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Membrane Microdomains and cAMP Compartmentation in Cardiac Myocytes

  • Shailesh R. Agarwal
  • Rennolds S. Ostrom
  • Robert D. Harvey
Chapter
Part of the Cardiac and Vascular Biology book series (Abbreviated title: Card. vasc. biol.)

Abstract

Signaling through the diffusible second messenger, 3′,5′-cyclic adenosine monophosphate (cAMP) is critical to the regulation of cardiac function. Several different G-protein-coupled receptors, including β-adrenergic receptors, muscarinic receptors, and E-type prostaglandin receptors, elicit distinct responses using this ubiquitous second messenger. One critical paradigm that has emerged to explain this behavior is that cAMP signaling is compartmentalized. Spatially confining specific receptors and their downstream effector proteins to form subcellular signaling complexes has been proposed to allow for the high efficiency and fidelity in producing specific functional responses. In cardiac myocytes, lipid rafts created by cholesterol- and sphingolipid-rich membrane microdomains have been demonstrated to act as one means of sorting appropriate receptors and corresponding effectors to relevant subcellular locations. Caveolae, which represent a specific subset of lipid rafts, can dynamically attract or exclude specific signaling proteins through a variety of mechanisms to create highly localized and self-sufficient multi-molecular signaling complexes. Furthermore, disruption of this organization in disease states such as heart failure has been found to alter cAMP responses. In this review, we summarize the current understanding of the role of membrane domains in cAMP signaling in cardiac myocytes. We also highlight the insights gained from previous studies to offer new avenues of research in this expanding field of study.

Keywords

Caveolae Lipid rafts Cardiac myocytes G-protein-coupled receptors Compartmentation Cyclic adenosine monophosphate 

Abbreviations

AC

Adenylyl cyclase

ACh

Acetylcholine

AKAP

A-kinase-anchoring protein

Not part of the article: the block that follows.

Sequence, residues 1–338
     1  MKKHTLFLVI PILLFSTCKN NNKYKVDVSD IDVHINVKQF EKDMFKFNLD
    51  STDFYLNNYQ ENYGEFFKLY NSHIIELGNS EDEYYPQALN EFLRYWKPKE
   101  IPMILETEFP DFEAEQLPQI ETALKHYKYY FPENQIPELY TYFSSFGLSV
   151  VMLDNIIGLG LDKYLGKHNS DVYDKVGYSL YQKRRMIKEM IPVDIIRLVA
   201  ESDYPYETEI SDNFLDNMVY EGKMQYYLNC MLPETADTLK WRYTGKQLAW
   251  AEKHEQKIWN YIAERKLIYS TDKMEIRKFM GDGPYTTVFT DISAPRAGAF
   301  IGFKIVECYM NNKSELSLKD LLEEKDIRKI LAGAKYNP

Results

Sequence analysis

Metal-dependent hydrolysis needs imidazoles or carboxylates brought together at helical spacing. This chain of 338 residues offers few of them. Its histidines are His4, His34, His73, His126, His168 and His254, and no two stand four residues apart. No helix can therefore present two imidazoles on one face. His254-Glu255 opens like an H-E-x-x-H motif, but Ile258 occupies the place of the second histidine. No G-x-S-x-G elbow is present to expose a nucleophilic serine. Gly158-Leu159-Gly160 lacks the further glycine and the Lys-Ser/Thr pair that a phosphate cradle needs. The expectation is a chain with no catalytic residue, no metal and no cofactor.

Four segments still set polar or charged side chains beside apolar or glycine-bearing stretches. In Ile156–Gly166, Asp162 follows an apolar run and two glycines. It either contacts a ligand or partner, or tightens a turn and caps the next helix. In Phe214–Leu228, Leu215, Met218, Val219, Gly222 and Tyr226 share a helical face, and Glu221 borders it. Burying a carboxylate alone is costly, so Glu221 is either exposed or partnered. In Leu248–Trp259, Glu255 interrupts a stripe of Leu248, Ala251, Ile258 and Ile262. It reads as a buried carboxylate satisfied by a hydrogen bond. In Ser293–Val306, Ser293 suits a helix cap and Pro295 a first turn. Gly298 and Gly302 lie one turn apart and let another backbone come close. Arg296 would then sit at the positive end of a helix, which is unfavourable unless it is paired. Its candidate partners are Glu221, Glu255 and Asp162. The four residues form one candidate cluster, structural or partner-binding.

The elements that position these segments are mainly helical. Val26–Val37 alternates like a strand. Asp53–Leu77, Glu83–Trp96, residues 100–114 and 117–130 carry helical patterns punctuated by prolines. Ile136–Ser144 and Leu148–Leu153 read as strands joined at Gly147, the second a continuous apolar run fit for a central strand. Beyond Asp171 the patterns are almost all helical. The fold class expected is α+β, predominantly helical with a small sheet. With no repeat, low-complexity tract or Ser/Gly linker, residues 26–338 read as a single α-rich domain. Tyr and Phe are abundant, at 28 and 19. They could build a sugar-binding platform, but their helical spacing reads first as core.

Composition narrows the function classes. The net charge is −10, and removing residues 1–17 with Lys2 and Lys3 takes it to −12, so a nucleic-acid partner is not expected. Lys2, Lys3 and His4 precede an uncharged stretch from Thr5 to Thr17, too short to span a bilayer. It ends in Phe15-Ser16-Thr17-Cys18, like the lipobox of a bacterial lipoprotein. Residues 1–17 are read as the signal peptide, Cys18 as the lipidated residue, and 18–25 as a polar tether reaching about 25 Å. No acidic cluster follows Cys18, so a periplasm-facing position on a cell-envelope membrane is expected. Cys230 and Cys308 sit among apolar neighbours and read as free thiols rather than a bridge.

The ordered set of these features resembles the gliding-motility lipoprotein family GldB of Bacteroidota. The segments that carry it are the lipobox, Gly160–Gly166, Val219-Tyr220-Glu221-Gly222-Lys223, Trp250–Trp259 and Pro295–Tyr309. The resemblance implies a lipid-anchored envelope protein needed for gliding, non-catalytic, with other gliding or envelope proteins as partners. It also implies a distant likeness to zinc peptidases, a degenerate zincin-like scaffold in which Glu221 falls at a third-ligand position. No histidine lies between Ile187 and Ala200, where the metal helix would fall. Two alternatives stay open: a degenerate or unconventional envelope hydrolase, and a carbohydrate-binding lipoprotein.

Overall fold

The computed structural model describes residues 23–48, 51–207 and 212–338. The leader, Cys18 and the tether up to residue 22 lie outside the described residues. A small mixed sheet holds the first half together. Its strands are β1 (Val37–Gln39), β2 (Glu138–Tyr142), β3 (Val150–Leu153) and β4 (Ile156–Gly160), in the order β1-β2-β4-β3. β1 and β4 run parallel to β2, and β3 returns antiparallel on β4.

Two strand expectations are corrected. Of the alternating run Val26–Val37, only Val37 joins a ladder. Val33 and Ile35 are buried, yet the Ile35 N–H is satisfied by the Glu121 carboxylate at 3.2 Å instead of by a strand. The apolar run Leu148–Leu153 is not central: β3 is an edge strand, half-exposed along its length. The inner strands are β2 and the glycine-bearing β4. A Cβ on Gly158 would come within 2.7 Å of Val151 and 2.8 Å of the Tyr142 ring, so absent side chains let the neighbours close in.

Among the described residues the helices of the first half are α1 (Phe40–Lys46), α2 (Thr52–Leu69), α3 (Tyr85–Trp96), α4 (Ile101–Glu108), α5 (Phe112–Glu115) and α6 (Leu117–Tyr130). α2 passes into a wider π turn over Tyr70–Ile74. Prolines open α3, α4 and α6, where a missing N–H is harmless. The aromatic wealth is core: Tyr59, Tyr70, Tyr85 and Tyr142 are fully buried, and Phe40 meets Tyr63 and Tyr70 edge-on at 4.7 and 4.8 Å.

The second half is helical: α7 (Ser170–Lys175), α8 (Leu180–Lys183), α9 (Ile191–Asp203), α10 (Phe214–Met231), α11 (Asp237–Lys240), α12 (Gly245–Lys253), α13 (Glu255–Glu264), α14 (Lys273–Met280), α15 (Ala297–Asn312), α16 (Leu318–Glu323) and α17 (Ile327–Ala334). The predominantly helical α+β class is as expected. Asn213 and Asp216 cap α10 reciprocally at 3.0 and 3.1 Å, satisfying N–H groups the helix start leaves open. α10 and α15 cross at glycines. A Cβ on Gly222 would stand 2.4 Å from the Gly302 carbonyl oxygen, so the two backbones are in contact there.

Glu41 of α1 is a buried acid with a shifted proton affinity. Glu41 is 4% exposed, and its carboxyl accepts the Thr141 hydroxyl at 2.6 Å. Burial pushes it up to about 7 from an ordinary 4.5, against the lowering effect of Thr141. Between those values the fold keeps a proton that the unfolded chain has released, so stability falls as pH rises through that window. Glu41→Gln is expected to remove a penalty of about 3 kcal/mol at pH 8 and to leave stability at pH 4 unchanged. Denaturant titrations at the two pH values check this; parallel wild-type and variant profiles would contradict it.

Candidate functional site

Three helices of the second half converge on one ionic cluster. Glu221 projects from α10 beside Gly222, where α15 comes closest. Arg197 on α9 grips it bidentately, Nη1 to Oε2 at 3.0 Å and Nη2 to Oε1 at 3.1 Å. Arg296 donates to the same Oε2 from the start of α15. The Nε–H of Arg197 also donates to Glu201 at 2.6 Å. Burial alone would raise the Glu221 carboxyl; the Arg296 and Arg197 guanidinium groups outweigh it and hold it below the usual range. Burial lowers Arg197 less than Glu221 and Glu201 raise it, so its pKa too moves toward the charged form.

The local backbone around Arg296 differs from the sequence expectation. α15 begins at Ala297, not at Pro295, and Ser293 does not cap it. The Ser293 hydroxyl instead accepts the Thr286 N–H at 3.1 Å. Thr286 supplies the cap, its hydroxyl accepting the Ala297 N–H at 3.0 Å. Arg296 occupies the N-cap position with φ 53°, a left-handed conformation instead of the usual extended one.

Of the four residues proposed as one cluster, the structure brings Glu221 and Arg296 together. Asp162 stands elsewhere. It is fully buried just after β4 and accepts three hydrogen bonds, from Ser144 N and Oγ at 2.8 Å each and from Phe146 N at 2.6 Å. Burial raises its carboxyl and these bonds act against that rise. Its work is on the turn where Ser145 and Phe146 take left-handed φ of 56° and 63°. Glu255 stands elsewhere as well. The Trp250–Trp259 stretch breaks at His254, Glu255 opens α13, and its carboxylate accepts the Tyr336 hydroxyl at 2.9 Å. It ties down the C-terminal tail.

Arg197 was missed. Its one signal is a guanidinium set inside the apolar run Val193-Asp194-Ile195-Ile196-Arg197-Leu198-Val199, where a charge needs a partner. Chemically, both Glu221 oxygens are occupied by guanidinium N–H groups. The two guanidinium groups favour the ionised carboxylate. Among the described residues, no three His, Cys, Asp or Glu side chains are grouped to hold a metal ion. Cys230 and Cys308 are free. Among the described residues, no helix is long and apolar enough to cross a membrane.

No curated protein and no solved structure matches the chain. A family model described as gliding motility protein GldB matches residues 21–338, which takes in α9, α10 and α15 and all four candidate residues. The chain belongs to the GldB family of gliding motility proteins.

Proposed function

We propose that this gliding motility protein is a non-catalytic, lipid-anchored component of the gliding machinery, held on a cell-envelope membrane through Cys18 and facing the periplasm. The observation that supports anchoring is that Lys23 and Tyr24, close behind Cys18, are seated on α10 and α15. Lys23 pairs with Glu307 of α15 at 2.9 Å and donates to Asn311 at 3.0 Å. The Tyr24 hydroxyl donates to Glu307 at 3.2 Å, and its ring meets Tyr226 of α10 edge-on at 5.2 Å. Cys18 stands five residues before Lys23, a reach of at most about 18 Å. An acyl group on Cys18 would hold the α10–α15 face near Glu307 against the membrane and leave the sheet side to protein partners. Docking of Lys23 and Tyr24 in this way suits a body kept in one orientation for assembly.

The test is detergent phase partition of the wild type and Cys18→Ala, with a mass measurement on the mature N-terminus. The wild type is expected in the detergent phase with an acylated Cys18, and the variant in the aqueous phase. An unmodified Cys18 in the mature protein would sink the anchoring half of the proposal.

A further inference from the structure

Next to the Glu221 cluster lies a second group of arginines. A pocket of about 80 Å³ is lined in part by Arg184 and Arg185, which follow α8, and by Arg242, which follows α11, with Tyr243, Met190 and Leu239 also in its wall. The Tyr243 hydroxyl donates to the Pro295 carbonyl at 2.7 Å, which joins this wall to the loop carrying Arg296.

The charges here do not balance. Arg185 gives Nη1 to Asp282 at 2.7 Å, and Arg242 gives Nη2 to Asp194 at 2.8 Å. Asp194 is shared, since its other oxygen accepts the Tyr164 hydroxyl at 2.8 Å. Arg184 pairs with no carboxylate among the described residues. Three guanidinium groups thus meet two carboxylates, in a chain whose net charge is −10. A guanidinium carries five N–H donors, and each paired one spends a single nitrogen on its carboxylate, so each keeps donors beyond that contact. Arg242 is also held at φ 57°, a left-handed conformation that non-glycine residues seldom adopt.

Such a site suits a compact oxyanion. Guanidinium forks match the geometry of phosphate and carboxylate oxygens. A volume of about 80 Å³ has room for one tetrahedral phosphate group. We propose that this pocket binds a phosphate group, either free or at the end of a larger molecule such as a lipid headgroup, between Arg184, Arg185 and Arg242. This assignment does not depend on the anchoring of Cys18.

cAMP

3′,5′-Cyclic adenosine monophosphate

Cav3

Caveolin 3

CSD

Caveolin scaffolding domain

DRM

Detergent-resistant membrane

EC

Excitation-contraction

eNOS

Endothelial nitric oxide synthase

Epac

Exchange protein directly activated by cAMP

EPR

E-type prostaglandin receptor

GPCR

G-protein-coupled receptor

GPI

Glycosylphosphatidylinositol

M2R

M2 muscarinic receptor

MβCD

Methyl-β-cyclodextrin

NO

Nitric oxide

PDE

Phosphodiesterase

PKA

Protein kinase A

PLB

Phospholamban

SICM

Scanning ion conductance microscopy

SR

Sarcoplasmic reticulum

T tubule

Transverse tubule

β1AR

β1-Adrenergic receptor

β2AR

β2-Adrenergic receptor

Notes

Acknowledgements

This work was supported by the National Institutes of Health grants GM101928 and GM107094.

Compliance with Ethical Standards

Conflict of Interest Statement

The authors declare that they have no conflict of interest.

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Copyright information

© Springer International Publishing AG 2017

Authors and Affiliations

  • Shailesh R. Agarwal
    • 1
  • Rennolds S. Ostrom
    • 2
  • Robert D. Harvey
    • 1
  1. 1.Department of PharmacologyUniversity of Nevada School of MedicineRenoUSA
  2. 2.Department of Biomedical and Pharmaceutical SciencesChapman University School of PharmacyIrvineUSA

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